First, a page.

The Duke Global Health Institute has launched an Ebola Resources Page for the Duke community and others who want to stay updated on the current outbreak.
A couple months ago, people may not have heard of Ebola. But today, news of the largest Ebola outbreak in history is leading newscasts, flooding social media and becoming a popular topic of discussion and analysis on college campuses. Last week, Duke sponsored a highly-attended lecture series on the outbreak, including the global community’s response and ethical implications of untested vaccine use. Throughout the rest of this semester, a group of DGHI professors are integrating the evolving Ebola crisis into their global health classes.
In Charles Nunn’s Human Health in Evolutionary Perspective class, the current Ebola outbreak is a backdrop for teaching students about the importance of coordination and interdisciplinary action, the role of ecology and evolution in a disease outbreak, and how pathogens spillover to new hosts including humans.
Nunn made the case for how this outbreak demonstrates the need for multisectoral collaboration for making policy decisions, and that an effective response requires leadership from the fields of anthropology, psychology, medicine and research, engineering and more. He’s also challenging students to think about how transmission events are potentially leading to more or less harmful strains of Ebola. He’s even introduced “evolutionary trees” into the discussion.
“We are talking about how these trees can address critically important interesting questions, such as: How many spillover events occurred in this outbreak? When did the spillover occur? How is the virus evolving? All these are vitally important questions and we need answers,” said Nunn. “Sequence data, coupled with sophisticated evolutionary analysis, can provide these answers.”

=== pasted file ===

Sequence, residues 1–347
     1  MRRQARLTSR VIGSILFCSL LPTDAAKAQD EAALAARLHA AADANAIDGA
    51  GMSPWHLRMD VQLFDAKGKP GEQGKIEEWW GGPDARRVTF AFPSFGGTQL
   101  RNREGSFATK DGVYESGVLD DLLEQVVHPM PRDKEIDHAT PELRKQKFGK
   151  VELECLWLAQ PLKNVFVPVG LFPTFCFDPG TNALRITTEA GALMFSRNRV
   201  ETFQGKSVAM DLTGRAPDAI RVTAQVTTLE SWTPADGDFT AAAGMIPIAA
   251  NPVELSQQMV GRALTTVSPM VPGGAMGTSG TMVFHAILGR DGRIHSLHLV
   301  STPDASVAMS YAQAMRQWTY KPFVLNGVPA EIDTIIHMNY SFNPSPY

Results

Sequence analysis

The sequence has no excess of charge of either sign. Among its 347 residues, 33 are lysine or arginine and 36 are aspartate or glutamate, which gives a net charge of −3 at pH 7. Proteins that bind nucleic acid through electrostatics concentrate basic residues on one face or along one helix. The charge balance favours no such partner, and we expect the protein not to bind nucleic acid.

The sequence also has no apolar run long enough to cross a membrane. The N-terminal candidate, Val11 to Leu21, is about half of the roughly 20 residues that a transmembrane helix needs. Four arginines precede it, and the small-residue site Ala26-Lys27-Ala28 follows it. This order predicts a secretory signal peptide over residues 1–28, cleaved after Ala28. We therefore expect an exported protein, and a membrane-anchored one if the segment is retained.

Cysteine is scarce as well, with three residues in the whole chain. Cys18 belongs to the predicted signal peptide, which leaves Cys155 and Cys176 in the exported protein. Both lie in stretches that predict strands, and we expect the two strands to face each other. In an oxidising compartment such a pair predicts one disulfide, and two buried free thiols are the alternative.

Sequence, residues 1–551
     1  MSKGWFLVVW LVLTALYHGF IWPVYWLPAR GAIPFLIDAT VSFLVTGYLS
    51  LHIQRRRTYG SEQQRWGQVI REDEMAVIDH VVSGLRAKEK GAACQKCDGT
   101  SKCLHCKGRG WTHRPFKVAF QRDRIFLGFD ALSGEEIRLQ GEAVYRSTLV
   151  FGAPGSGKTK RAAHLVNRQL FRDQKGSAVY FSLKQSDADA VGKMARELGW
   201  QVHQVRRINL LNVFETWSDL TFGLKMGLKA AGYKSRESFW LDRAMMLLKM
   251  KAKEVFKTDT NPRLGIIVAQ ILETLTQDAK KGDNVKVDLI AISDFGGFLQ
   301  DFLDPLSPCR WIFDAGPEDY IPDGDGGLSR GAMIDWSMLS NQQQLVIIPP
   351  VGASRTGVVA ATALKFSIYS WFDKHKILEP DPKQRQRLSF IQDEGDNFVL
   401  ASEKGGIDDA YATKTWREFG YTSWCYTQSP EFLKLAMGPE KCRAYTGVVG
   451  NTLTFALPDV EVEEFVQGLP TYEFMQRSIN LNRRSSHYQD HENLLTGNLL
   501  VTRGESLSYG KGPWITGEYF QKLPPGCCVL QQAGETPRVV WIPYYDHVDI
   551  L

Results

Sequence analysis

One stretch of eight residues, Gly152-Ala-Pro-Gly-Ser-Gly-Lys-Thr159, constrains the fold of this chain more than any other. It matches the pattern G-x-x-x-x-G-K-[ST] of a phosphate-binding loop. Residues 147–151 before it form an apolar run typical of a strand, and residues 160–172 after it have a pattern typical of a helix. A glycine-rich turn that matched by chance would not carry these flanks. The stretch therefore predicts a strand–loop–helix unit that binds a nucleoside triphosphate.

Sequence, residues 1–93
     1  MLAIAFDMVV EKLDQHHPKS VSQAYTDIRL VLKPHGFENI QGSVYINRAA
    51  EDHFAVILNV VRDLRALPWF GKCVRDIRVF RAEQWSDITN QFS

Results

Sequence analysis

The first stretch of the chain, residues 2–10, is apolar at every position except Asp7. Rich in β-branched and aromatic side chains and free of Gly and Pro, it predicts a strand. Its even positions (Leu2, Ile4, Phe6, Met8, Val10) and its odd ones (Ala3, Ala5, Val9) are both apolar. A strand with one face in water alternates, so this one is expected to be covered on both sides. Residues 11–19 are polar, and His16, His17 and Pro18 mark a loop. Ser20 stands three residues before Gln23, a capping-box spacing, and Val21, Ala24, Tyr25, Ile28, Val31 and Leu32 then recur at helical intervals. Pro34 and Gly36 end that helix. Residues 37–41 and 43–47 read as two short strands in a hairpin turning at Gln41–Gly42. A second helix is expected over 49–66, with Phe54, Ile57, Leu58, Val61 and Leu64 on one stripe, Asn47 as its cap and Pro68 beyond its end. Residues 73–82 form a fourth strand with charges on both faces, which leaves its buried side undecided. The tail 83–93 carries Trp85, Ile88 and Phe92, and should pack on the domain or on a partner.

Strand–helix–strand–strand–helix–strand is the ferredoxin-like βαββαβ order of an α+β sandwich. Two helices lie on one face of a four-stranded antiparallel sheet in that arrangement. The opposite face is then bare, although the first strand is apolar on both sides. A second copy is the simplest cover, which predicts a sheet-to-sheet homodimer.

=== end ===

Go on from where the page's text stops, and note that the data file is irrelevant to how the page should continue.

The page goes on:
Some DGHI faculty members are making Ebola a significant portion of their class. In the Africa, Development and Emerging Diseases class, Sherryl Broverman is teaching students that Ebola illustrates many of the challenges often talked about in global health. This includes the need for a more robust One Health approach to reduce pathogen spillovers from animals to humans; the role of ecological and land use change in outbreaks; and the need for trust in functioning health systems to provide care and reduce the impact of outbreaks.
In addition to lectures, Broverman is incorporating group activities and guest speakers. Students worked together to research land use changes in Liberia that could have precipitated a zoonotic outbreak. A Duke alumna also recently visited Broverman's class to discuss the health system challenges in Liberia and her experiences on the ground. Kirby Erlandson, a global health certificate alumna, is returning to Liberia to help develop community health worker Ebola intervention units with Partners in Health.
“Education is about preparing young people to engage with the world,” said Broverman. “Connecting coursework with real world, messy, complex problems deepens student interest in the material and stimulates them to work at higher levels.”
Broverman manages a highly-active Facebook Ebola Discussion Group, which analyzes news coverage, ethical issues and new scientific findings. The grloup is open to students and anyone else who has a Duke affiliation.
In the Fundamentals of Global Health class, David Boyd brought the Ebola issue to life. He drew from his own travels to Sierra Leone just this past May to shed more light on the health system challenges that exist in a low-income country even before a disease outbreak hits. He is sharing with his students video footage and interviews he captured during his trip to better illustrate the country's poorly-equipped hospitals and lack of infrastructure. He says a disease like Ebola can have impacts that range from the familial to the macroecnomic.
In Kearsley Stewart’s Ethics of Disease Control class, she and her students are developing a website with Ebola resources, including interviews, local news sources and West African-based social media channels. Stewart’s students are able to play a key role in gathering this information and interviewing experts about various aspects of the outbreak and response.
Several DGHI faculty members are organizing a student debate on the ethics of using unapproved drugs as therapies or in clinical trials during the outbreak. They hope to organize a separate public event later this year.
Visit the DGHI Ebola Resource page for more information on the outbreak.
Interested in taking a global health class next semester? Visit the global health course catalogue. Registration opens November 5.
“Education is about preparing young people to engage with the world. Connecting coursework with real world, messy, complex problems deepens student interest in the material and stimulates them to work at higher levels.”- Sherryl Broverman